Sunday, October 28, 2007

Museum of the Appalachia

The Museum is a 65 acre exhibition of the way folks of the Appalachian Mountains worked, played and survived over the years. Settlement of this region stretches back into the late 1700’s.

For over four decades, one man, John Rice Irwin, has collected buildings relics and
remnants of their unique and colourful ways of life – many stretching back into his own family history.

There are between 30 and 40 buildings – cabins, barns, an old school house, workshops, smokehouses, church and the like.

They are set out along a village-like path that surrounds a big farm-yard where most of the animals hang out.

A couple of the buildings house treasures belonging to local ‘heroes’, some unusual hand-made musical instruments, folk art and an extensive Native artifact collection –everything in the collection is authentic and the notes on all the exhibits are hand written.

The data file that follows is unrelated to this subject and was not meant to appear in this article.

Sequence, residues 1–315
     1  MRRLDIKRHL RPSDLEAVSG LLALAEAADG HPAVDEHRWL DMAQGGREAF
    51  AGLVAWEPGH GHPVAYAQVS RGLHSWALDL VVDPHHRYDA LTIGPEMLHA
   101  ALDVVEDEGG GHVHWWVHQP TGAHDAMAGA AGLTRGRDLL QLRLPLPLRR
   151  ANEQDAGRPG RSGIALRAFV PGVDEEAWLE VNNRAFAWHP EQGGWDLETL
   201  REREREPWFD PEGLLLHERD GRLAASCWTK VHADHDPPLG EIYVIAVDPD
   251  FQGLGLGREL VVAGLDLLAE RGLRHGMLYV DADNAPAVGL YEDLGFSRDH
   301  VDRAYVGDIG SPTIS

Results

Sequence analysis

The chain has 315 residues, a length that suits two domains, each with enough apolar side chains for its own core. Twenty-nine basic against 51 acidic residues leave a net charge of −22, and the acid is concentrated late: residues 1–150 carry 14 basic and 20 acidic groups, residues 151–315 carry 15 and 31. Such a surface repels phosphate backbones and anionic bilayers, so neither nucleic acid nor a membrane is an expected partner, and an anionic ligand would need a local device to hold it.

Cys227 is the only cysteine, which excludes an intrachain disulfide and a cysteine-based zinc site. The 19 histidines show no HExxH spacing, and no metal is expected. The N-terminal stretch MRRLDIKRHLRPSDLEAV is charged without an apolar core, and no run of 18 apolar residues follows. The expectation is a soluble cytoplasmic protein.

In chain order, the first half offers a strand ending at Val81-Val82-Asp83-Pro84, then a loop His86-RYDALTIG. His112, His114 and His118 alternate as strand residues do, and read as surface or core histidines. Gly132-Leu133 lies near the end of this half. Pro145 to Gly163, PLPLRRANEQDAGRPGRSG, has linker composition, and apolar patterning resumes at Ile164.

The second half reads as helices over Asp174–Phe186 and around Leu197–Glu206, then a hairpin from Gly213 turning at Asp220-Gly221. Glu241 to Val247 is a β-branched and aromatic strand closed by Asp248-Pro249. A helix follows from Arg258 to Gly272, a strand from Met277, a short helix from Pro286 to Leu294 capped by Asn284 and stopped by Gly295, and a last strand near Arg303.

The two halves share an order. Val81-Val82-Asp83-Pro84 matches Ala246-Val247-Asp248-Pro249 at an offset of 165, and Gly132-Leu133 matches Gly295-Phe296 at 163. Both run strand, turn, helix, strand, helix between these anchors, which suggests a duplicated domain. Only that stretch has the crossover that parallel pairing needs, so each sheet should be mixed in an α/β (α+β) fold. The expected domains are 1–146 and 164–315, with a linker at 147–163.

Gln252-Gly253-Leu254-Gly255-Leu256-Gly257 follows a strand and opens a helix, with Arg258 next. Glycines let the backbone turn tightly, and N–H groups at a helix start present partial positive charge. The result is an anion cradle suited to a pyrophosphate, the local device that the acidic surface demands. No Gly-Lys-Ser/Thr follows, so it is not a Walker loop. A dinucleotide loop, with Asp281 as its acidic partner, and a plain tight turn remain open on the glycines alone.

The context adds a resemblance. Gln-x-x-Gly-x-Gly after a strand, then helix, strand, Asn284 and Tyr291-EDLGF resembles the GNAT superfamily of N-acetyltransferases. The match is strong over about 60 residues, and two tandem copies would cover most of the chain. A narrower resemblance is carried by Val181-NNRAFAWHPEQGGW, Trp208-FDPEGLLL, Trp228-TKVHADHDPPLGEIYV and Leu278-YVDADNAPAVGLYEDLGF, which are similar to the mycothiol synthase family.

Mark Twain family cabin

The Big Tater Valley Schoolhouse was moved from nearby Big Tater Valley
on Bull Run Creek between
Union and Grainger Counties, and is completely furnished in the manner of an early mountain school.

Musical Instruments

Folk Art


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